William Best, 1st Baron Wynford
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William Best, 1st Baron Wynford
Lord Wynford.

William Draper Best, 1st Baron Wynford, PC (13 December 1767 - 3 March 1845), was a British politician and judge. He served as Chief Justice of the Common Pleas from 1824 to 1829.

Background and education

Best was the third son of Thomas Best of Haselbury Plucknett in Somerset. He became a student at Wadham College, Oxford at the age of 15, but left at 17 without a degree. Originally destined for a career in the Church, he instead chose to study law, and entered the Middle Temple on 9 October 1784.

Legal career

Best was Called to the Bar on 6 November 1789 and established a successful legal practice. In 1802 he was elected to parliament for Petersfield as a Whig, a seat he held until 1806. After joining the Tories, he sat for Bridport from 1812 to 1817 and then represented Guildford from 1818 to 1819. In 1813 Best was appointed Solicitor-General to the Prince of Wales, which he remained until 1816, and was then Attorney-General to the Prince of Wales from 1816 to 1818 and Chief Justice of Chester in 1818. The following year he was made a Judge of the Common Pleas and knighted. Best was admitted to the Privy Council in 1824 and appointed Chief Justice of the Common Pleas, in which post he remained until 1829. The latter year Best was raised to the peerage as Baron Wynford, of Wynford Eagle in the County of Dorset.[1] Lord Wynford later served as a Deputy Speaker of the House of Lords. Despite his earlier affiliation with the Whigs, he became known as an ardent Tory, and vigorously opposed the 1832 Reform Act. Lord Wynford suffered from gout for many years, and was carried into the House of Lords in an arm-chair, in which he was also allowed to address the rest of the house. However, he was later forced to retire from public life due to his illness.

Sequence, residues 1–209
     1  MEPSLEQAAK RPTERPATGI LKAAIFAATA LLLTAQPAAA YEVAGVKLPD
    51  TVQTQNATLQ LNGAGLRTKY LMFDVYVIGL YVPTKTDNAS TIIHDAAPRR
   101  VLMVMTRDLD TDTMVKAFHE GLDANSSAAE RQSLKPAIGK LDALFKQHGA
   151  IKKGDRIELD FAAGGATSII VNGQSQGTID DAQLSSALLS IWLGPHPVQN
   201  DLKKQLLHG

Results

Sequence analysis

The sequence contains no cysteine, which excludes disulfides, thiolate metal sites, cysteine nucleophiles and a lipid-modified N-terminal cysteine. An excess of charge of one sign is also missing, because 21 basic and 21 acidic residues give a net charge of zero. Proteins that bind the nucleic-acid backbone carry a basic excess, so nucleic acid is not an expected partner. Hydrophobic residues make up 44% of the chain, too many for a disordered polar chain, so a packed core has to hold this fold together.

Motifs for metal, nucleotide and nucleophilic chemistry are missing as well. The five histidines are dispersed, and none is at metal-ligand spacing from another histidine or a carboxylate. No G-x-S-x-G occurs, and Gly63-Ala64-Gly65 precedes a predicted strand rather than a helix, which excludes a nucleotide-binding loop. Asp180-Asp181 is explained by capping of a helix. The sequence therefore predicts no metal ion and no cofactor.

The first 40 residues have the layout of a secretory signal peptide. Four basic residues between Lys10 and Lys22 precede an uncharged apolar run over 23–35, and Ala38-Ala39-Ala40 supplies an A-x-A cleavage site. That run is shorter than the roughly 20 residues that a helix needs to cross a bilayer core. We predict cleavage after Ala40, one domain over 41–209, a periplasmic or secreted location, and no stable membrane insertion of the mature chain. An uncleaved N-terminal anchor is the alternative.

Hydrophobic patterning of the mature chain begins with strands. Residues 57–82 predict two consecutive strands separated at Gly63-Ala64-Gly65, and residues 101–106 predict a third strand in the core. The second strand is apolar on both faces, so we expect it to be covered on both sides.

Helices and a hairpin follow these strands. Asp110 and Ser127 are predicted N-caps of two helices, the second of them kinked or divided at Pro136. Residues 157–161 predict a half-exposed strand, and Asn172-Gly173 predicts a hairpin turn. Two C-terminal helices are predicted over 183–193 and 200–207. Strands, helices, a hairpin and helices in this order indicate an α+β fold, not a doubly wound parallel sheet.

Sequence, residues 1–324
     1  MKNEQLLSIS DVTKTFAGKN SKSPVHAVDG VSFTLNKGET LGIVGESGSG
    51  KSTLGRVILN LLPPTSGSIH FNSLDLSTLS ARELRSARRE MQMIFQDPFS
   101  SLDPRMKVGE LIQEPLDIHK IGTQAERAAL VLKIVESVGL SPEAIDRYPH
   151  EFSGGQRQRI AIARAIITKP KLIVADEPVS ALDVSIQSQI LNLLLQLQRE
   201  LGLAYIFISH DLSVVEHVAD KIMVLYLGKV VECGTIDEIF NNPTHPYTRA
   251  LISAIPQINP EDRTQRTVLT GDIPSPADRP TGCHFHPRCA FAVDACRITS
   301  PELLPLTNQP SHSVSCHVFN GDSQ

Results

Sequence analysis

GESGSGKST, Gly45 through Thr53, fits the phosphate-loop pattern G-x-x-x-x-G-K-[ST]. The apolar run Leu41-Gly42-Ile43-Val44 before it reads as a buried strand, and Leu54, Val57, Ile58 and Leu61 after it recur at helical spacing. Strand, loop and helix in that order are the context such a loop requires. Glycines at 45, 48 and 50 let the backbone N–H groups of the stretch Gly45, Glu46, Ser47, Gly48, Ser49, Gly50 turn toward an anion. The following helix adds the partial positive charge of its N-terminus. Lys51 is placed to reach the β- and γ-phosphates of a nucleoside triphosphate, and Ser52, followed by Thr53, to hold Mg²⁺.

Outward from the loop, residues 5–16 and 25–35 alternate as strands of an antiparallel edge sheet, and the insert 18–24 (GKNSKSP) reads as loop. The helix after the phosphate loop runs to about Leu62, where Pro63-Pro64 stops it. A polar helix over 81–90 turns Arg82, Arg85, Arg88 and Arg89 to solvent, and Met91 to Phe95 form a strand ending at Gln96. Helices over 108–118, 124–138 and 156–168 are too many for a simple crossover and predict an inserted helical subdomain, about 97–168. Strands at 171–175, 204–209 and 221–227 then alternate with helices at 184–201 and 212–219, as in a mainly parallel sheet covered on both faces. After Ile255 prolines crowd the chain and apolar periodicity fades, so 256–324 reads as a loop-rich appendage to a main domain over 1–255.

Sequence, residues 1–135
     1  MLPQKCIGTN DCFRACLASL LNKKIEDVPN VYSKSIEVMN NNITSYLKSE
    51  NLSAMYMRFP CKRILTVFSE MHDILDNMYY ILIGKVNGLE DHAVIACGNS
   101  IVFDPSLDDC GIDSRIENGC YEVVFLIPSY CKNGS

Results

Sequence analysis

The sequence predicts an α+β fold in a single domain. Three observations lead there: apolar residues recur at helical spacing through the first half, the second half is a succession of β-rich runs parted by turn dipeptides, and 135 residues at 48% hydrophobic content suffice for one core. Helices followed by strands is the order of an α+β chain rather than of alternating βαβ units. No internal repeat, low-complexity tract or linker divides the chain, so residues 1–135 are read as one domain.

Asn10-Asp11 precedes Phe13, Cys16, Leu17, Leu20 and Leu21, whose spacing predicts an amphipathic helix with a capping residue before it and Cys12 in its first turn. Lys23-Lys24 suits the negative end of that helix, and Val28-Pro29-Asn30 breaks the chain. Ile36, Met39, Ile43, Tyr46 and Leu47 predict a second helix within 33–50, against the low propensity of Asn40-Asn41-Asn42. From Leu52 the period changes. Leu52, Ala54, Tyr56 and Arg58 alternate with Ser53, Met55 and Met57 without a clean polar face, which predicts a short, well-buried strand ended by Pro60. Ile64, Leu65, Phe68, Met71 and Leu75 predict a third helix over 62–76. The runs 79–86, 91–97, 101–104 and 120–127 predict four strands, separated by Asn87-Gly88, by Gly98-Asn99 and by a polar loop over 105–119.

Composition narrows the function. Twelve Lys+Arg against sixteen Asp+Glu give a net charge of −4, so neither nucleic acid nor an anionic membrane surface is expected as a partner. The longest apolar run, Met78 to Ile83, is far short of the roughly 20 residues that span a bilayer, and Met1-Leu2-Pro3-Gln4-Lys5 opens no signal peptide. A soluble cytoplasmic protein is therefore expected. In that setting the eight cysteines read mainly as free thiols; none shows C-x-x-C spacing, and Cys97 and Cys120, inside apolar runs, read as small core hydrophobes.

Family

In 1794, Lord Wynford married Mary Anne, daughter of Jerome Knapp Junior of Chilton in Berkshire (now Oxfordshire), Clerk of the Haberdashers' Company, by his second wife, Sarah, daughter and eventual heiress of George Noyes of Southcote, Berkshire, and Andover, Hampshire. They lived together at Wynford House at Wynford Eagle in Dorset where they raised ten children. He died in March 1845, aged 77, and was succeeded in the barony by his eldest son William Samuel Best. Lord Wynford's daughter, Grace Anne Best, married Philip Lake Godsal, the grandfather of Philip Thomas Godsal.

Arms

Coronet of a British Baron.svg
Wynford Escutcheon.png
Crest
Out of a Ducal Coronet Or a Demi-Ostrich rising Argent in its beak a Cross Crosslet fitchée Gold gorged with a Plain Collar and pendent therefrom a Portcullis Sable
Escutcheon
Sable a Cinquefoil within an Orle of Cross Crosslets Or on a Canton of the last a Portcullis of the first
Supporters
On either side an Eagle reguardant wings elevated standing on a Roman Fasces all proper
Motto
Libertas In Legibus (Liberty in the laws) [2]

References

  1. ^ "No. 18582". The London Gazette. 5 June 1829. p. 1030.
  2. ^ http://www.cracroftspeerage.co.uk/online/content/wynford1829.htm

External links


  This article uses material from the Wikipedia page available here. It is released under the Creative Commons Attribution-Share-Alike License 3.0.

William_Best,_1st_Baron_Wynford
 



 



 
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